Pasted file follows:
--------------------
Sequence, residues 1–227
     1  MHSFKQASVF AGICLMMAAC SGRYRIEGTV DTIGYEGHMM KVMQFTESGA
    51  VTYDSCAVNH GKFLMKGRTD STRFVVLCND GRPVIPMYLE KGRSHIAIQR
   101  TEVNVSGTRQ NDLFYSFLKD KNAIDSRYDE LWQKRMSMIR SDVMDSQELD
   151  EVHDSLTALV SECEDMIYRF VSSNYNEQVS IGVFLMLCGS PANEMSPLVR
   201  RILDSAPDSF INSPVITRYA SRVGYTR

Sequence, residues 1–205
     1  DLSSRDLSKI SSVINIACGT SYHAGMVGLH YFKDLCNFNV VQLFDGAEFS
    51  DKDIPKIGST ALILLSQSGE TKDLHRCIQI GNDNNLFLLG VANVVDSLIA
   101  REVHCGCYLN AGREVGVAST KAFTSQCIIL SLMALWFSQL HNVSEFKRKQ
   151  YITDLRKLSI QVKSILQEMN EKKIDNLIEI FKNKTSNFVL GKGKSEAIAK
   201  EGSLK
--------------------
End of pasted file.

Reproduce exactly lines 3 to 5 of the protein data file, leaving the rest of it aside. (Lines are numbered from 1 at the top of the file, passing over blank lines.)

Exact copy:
    51  VTYDSCAVNH GKFLMKGRTD STRFVVLCND GRPVIPMYLE KGRSHIAIQR
   101  TEVNVSGTRQ NDLFYSFLKD KNAIDSRYDE LWQKRMSMIR SDVMDSQELD
   151  EVHDSLTALV SECEDMIYRF VSSNYNEQVS IGVFLMLCGS PANEMSPLVR